• Bezel setting a cabochon

    Posted on October 20, 2016 by in DIY/Tutorial, Uncategorized

    bezel-bannerI recently listed the Artemis Moon pendant in my Etsy shop. It’s a new pendant style piece with a bail large enough to slip onto nearly any chain. A large circle gently cradles a smaller, creating a crescent moon type shape, studded with a small 4mm bezel set moonstone. I played with texture on this pendant, which resulted in two different finishes; a close faceted type finish on the small circle and on the larger a wider hammered finish marked with a semi circle and dot finish that reminds me of the surface of the moon.

    I thought about trying to make this pendant smaller to use on earrings but with orders, a toddler and life in general, I just didn’t get to it. Then a sweet customer made a special request; Artemis Moon dangle earrings with mismatched gemstones, a moonstone and an onyx to show the dark and light side of the moon. I love this idea! And this request was just the jolt I needed to get around to trying these as earrings.

    I’ll be setting these two small gemstones…would you like to set them along with me?

    Bezel setting a cabochon

    First I’ll be choosing stones from my stash. Even though the bezel cups are 4mm and the gemstone cabochons (rounded top, flat back) are 4mm, due to variations in size and shape they won’t all fit, so I like to have extras. Luckily, the first I tried of each stone fit just so. The onyx is a slightly thinner stone than the moonstone, so it sits a little deeper in the cup.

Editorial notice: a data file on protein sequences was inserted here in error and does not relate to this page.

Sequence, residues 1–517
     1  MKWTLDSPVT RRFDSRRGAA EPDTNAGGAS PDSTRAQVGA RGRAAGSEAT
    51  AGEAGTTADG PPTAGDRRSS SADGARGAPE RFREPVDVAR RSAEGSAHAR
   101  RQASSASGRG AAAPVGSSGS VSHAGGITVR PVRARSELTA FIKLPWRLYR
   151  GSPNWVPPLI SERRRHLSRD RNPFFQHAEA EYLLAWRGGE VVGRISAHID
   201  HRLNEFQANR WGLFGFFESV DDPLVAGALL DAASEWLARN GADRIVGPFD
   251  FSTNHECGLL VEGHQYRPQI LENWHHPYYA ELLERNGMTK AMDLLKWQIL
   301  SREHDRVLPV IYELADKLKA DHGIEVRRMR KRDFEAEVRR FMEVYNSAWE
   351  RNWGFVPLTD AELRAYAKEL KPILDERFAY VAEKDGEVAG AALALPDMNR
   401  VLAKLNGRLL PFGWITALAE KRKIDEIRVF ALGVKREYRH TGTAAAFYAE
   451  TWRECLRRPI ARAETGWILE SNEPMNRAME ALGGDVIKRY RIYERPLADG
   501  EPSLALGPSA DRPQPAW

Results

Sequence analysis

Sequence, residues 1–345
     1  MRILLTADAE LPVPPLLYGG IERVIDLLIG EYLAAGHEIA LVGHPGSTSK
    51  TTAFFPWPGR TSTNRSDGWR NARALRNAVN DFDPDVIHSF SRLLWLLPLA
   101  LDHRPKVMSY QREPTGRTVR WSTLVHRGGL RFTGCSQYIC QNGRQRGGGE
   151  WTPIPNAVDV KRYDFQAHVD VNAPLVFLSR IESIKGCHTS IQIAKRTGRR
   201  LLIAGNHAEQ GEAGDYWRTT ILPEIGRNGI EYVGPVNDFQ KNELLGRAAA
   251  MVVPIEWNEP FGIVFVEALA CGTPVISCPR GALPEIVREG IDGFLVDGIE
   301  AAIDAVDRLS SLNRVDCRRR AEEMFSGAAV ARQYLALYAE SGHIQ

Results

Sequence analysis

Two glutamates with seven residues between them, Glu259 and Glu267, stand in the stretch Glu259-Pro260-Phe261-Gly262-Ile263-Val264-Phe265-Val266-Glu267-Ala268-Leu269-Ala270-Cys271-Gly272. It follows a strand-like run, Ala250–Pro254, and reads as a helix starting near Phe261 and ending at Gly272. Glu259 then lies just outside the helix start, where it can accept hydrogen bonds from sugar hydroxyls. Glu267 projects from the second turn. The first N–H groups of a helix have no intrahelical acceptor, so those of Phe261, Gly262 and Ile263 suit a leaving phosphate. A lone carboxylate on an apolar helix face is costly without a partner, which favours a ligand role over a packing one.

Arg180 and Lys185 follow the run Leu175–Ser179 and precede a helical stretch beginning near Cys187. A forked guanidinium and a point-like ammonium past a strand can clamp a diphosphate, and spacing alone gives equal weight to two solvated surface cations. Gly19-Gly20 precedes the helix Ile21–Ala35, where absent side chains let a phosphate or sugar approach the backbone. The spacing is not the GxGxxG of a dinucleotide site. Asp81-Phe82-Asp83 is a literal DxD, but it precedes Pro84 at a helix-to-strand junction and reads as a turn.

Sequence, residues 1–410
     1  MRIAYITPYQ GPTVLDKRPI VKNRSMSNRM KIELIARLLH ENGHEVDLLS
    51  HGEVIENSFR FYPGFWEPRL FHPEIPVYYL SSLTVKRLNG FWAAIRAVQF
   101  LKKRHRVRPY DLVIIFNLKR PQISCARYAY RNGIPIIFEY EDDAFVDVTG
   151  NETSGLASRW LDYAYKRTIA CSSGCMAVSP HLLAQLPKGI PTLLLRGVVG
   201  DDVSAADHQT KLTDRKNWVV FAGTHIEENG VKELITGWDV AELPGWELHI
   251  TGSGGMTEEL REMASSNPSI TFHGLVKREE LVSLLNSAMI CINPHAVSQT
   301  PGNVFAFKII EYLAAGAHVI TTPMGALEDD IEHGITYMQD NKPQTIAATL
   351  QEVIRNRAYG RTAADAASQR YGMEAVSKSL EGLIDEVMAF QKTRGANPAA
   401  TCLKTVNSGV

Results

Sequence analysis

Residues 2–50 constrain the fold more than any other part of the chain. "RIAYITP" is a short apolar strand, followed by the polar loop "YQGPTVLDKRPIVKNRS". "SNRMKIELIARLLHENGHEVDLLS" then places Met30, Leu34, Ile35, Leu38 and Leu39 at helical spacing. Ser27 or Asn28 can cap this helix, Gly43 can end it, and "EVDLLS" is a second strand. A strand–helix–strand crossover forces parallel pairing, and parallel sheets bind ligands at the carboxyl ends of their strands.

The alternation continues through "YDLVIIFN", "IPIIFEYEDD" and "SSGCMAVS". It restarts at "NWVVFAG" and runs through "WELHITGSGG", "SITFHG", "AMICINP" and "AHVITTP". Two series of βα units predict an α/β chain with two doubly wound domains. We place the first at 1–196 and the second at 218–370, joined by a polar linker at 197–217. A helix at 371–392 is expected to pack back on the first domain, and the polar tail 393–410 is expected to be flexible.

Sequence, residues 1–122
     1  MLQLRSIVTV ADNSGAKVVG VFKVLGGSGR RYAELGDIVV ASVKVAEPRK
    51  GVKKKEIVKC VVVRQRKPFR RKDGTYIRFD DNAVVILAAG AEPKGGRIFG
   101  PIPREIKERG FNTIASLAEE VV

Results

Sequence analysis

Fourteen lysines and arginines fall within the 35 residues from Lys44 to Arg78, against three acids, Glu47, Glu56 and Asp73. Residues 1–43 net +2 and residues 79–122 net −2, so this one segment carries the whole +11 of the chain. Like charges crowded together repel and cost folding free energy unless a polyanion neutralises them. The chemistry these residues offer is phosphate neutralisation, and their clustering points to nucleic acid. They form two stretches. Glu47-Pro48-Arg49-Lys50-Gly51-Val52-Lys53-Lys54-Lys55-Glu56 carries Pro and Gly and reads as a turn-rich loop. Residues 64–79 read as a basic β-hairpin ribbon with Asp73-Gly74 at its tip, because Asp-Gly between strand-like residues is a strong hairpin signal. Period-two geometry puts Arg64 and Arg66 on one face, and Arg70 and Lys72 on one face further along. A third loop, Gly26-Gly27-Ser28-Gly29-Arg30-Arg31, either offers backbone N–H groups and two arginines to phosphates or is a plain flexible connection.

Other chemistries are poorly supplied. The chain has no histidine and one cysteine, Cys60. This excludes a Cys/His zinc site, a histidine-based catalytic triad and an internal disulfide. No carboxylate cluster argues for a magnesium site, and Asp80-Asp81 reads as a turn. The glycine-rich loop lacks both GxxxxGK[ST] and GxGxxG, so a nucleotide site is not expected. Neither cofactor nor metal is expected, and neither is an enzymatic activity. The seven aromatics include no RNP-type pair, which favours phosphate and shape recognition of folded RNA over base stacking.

You can see in the photo my two tools, a setter and a burnisher. Because the bezel cups are made of fine silver and fine silver, even after being work hardened is fairly soft, I can use these two hand tools to set the stones.

    I’m working on the onyx first, using my setter to press in at the 4 “corners”, and then between. I go around in an even pattern pressing inwards until the top edge of the bezel cup is fairly even all around. Then I move on to my burnisher and use it to smooth the edge, pressing it downwards flush to the stone. I will sometimes go back and forth between the tools if I see a spot I’d like to press is even closer as I go.

    Once the onyx is in, I simply do the same on the moonstone. From a side view you can see how the metal curves over the cabochon, and there is a slight lip that you can feel if you run a finger over it. Bezel set gemstones should not fall out unless the bezel cup is damaged in a way that compromises it (being crushed or bit for example – never let a little one chew on your jewelry!) Because the onyx was slightly thinner than the moonstone, the bezel cup covers slightly more of it.

    That’s really all there is to it. Bezel setting is fairly simple once you get the hang of it, and using bezel cups is a simple shortcut. Do you have any questions? Feel free to comment here, or visit Seashore Design Studio on Facebook and say hi!

    To learn more about the Artemis Moon pendant and see the rest of the collection, visit Seashore Design Studio at seashoredesignstudio.etsy.com